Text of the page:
Antonino added that the blueprint for Mindanao’s future goes well beyond economic and infrastructure development, and addresses other dimensions that are integral to Mindanao’s holistic sustainable development, such as peace and security, human development, and social cohesion, governance and institutions. Antonino, who was appointed to the position as MinDA Secretary by President Aquino, said the government’s policy is to endeavor to pursue progress and transformation for the isLandregion, not only in the context of securing peace amid history of confl ict but also in terms of harnessing its inherently rich economic potentials for the benefi t primarily of Mindanawons. In the formulation of Mindanao 2020, the following guiding principles were adhered to:

Holistic and integrative planning, which addresses the social, economic, environmental, cultural, political/institutional and spiritual dimensions of human welfare as interrelated and mutually reinforcing concerns; Environment and natural resources as the foundation for the peace and development roadmap to the future of Mindanao, implying that these must endure and be judiciously sustained into the future; Considerat ion for the larger national, regional and global context, i.e. planning with full consideration of the dynamic changes in the national and international Landscapes; Subsidiarity, asserting that units of governance closest to the people must be the primary determinants of actions and interventions to address problems and issues that begins in communities; Pluralism and cultural diversity as a strength that can be harnessed through appropriate attitudes and motivation;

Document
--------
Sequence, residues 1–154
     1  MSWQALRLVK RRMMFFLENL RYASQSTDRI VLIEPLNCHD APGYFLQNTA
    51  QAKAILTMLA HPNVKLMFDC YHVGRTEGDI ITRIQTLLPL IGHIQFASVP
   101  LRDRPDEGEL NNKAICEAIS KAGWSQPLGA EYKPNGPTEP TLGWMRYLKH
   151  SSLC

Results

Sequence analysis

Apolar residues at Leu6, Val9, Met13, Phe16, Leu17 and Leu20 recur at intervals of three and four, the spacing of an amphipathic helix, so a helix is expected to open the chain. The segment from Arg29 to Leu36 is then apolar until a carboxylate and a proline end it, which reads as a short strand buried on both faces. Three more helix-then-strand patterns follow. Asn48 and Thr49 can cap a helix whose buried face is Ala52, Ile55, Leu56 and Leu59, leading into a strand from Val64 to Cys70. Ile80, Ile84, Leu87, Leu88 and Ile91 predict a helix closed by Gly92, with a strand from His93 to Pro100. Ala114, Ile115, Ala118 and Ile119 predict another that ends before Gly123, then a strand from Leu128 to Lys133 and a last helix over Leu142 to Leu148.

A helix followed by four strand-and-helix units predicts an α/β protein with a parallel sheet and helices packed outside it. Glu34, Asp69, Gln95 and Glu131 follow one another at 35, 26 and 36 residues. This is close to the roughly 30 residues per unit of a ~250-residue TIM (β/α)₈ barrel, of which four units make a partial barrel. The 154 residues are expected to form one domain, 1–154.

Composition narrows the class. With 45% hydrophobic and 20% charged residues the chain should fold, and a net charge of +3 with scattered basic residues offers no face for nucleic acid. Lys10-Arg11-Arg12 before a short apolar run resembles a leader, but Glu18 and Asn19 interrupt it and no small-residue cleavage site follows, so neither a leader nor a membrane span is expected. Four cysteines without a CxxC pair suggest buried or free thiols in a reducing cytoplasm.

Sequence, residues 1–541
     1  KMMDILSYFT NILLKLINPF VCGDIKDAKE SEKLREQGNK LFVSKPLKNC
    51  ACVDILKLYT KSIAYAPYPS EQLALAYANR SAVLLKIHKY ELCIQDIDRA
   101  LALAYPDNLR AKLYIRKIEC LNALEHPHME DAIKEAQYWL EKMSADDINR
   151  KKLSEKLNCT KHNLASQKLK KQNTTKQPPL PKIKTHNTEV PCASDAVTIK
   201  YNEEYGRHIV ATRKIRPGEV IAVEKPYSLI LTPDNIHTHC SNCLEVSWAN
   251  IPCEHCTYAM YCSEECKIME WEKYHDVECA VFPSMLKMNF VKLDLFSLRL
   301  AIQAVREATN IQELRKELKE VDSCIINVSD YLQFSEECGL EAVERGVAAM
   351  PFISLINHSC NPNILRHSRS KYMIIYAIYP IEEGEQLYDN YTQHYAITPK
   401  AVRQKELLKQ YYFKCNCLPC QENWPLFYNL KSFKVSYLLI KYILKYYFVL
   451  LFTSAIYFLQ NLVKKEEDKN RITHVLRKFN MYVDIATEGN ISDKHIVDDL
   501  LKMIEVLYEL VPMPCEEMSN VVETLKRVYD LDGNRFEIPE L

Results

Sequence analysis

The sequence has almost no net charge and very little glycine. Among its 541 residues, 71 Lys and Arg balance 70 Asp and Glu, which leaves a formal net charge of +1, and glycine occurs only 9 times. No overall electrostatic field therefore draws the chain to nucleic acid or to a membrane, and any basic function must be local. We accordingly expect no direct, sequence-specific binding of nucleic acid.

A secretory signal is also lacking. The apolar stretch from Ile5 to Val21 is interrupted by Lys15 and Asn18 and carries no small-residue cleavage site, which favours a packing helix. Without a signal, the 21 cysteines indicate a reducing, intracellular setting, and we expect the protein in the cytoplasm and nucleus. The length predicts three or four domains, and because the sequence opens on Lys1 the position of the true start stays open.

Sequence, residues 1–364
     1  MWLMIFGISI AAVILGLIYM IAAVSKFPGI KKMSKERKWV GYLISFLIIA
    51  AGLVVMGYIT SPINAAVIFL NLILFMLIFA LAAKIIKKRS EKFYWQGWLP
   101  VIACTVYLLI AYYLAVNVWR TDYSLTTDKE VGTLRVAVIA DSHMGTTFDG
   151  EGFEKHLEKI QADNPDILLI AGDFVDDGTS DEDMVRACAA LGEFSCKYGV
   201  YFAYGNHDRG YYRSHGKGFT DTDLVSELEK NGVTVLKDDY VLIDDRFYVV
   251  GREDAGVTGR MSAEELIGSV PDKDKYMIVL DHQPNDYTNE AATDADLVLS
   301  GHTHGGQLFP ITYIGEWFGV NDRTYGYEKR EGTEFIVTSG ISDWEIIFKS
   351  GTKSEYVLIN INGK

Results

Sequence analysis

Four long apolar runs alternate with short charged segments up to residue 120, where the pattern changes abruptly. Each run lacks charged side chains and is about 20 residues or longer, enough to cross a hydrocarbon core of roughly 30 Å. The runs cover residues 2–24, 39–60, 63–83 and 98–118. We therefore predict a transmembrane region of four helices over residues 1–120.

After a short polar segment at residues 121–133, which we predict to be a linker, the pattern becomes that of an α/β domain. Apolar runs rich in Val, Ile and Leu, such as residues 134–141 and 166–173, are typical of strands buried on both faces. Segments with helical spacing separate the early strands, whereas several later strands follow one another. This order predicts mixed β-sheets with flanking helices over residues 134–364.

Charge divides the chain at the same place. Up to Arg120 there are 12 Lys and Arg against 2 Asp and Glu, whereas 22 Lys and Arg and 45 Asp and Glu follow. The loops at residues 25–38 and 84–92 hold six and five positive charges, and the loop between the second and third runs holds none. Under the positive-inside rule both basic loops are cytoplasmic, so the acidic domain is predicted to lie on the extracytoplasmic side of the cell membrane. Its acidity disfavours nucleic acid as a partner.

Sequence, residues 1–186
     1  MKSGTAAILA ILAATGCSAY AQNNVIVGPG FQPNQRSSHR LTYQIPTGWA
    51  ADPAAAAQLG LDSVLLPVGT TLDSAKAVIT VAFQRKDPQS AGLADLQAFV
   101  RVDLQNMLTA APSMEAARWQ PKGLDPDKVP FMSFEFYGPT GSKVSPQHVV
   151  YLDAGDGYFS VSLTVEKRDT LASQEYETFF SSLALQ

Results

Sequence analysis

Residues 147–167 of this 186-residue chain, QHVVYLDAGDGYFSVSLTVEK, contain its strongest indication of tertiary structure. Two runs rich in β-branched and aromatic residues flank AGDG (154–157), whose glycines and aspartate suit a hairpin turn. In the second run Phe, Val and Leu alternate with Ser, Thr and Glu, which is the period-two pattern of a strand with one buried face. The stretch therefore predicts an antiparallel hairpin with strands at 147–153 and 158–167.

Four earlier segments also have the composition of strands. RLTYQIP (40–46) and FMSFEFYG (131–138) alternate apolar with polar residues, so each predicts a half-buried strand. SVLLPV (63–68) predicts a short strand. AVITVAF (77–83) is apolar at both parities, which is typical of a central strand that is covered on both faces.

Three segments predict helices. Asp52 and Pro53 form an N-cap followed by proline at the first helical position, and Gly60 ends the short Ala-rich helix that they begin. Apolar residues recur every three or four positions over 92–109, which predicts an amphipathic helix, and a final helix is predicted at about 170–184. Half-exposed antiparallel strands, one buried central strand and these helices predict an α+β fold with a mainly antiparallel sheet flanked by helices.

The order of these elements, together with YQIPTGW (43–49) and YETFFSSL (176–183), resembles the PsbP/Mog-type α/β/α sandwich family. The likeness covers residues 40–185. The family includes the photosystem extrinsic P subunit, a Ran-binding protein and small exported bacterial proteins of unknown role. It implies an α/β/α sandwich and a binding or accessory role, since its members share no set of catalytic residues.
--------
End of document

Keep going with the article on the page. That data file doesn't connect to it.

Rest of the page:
Paramount importance of good governance in effectively addressing injustice and poverty, and in promoting sustainable development; Participation of women and youth as essential elements for the success of various peace and development interventions; Affi rmative action and a preferential option for Mindanao to redress traditional injustices and restore confl ictdamaged facilities and institutions; Sensitivity to the various dimensions of confl ict in addressing traditional challenges; and Wide ownership secured through a participatory plan formulation process, critical to gaining wide support towards its successful implementation.

Antonino added that it may sound like an ambitious plan for Mindanao, but that Mindanao 2020 is fi t for the people of Mindanao. “We should dream, we should not be content with what we have now, and this is not for ourselves but for our children, they will benefit these policies,” Antonino said. Sam Chittick, governance advisor of the Austalian Assistance for International Development (AusAID), said “Mindanao must change. That the opening sentence of the Mindanao 2020 report sets out the fundamental challenge for everyone here today, and all those interested in future growth and peace in Mindanao. This statement, through the voice of all Mindanawons, challenges each of us to consider what we’ve done, what we are doing, and what we can do to help change the fundamental dynamics that have constrained Mindanao for decades.”